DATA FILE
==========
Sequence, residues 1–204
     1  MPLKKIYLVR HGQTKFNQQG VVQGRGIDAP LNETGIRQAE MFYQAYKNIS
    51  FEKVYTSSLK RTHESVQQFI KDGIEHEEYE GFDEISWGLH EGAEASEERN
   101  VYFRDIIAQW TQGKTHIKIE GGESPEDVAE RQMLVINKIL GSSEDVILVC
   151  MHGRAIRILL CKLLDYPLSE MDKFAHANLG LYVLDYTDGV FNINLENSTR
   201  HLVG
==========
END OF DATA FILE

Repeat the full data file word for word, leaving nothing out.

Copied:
Sequence, residues 1–204
     1  MPLKKIYLVR HGQTKFNQQG VVQGRGIDAP LNETGIRQAE MFYQAYKNIS
    51  FEKVYTSSLK RTHESVQQFI KDGIEHEEYE GFDEISWGLH EGAEASEERN
   101  VYFRDIIAQW TQGKTHIKIE GGESPEDVAE RQMLVINKIL GSSEDVILVC
   151  MHGRAIRILL CKLLDYPLSE MDKFAHANLG LYVLDYTDGV FNINLENSTR
   201  HLVG